He was one of the prime reasons the Blackhawks ran away with the President's Trophy last year.

    The Flyers' goaltending has been shaky for years, and they parted ways with Ilya Bryzgalov because he was too inconsistent. 

    If Emery and Mason can provide head coach Peter Laviolette with a major upgrade, the Flyers may be ready to return to power in the Eastern Conference.

    Mason is getting the opening night start for the Flyers, but Laviolette has no worries about Emery's peformance—at least not publicly.

Daniel Alfredsson, Detroit Red Wings

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    Daniel Alfredsson is a 40-year-old future Hall of Famer.

    Some players in his position would be content to take one more turn around the league and then walk off into the sunset accompanied by a standing ovation.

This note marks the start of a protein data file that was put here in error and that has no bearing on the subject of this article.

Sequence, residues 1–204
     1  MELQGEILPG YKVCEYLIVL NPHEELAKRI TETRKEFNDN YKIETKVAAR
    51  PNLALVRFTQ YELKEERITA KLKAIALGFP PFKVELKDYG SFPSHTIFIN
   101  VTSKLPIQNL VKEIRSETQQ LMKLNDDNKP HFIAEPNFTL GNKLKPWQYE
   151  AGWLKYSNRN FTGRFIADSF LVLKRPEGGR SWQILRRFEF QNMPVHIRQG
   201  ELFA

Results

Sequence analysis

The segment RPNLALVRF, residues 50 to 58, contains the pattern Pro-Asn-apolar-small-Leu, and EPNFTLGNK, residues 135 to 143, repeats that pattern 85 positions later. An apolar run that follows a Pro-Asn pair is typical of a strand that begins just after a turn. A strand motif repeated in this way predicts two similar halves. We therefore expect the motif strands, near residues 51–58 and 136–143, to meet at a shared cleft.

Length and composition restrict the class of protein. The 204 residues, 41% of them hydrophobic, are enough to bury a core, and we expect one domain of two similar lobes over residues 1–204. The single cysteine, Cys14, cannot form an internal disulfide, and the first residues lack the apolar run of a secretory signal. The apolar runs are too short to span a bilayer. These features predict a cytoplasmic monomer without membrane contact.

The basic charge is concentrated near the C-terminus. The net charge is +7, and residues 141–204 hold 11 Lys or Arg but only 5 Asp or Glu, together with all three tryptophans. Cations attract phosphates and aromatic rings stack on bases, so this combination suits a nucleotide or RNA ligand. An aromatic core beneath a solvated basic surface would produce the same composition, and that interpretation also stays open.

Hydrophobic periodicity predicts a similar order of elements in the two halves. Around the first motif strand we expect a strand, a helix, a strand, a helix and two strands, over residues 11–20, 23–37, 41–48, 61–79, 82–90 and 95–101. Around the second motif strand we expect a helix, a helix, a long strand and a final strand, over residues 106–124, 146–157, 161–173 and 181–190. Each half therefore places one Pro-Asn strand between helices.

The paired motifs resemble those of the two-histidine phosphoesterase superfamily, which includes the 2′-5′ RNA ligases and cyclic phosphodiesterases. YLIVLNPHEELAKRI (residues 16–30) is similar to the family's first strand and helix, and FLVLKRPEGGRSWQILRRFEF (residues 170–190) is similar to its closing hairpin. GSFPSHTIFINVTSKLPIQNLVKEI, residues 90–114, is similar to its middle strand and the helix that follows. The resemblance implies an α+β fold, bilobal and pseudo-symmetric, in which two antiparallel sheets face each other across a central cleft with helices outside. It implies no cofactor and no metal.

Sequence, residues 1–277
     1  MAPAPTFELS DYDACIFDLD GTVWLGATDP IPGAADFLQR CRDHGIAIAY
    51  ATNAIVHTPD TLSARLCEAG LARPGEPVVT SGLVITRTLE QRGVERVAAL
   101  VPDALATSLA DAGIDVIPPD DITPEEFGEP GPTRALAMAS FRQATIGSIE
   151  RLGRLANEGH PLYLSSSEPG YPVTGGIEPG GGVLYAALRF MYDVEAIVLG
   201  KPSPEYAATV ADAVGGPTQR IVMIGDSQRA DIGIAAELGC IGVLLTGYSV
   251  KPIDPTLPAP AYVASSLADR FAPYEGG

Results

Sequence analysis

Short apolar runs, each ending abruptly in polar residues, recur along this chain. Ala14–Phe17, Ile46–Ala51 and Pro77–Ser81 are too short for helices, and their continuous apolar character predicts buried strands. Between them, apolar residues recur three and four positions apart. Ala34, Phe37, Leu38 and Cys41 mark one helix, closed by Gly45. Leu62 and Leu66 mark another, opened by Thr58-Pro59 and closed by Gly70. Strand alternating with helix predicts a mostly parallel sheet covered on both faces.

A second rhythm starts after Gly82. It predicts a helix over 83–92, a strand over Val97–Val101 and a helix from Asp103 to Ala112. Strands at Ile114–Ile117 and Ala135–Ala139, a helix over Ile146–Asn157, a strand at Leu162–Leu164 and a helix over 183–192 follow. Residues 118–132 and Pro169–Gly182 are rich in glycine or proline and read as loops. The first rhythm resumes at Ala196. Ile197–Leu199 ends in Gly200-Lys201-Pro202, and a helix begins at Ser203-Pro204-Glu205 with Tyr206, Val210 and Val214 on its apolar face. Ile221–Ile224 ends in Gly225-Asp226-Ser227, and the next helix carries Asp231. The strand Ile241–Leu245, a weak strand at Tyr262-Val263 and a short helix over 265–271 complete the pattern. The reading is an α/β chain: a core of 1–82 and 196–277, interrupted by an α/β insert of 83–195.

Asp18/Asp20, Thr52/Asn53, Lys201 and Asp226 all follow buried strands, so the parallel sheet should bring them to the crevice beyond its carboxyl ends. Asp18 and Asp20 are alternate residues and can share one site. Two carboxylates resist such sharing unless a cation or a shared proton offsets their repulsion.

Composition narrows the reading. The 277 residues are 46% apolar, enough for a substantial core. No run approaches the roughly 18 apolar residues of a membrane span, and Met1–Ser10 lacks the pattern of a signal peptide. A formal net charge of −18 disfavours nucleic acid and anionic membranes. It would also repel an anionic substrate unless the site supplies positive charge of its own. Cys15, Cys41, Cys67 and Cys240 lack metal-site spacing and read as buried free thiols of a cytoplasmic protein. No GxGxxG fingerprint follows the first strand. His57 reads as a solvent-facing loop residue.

Alfredsson was the face of the Ottawa Senators franchise. He scored 426 goals and 1,108 points for them. However, after wearing a Senators uniform since 1995-96, Alfredsson shocked his old team and signed with the Detroit Red Wings.

    Instead of leaving Ottawa in a year or two as a hero, he has angered his loyal fans and is now viewed as something of a traitor.

    Alfredsson said he left because he wants to win a championship with the talented Red Wings. He's going to get an opportunity to show how much he has left in the tank and he's also going to have to go back to Ottawa Dec. 1 to find out exactly what his one-time adoring fans think of him.

Jakob Silfverberg, Ottawa

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    Jakob Silfverberg found himself traded from the Ottawa Senators to the Anaheim Ducks in the offseason.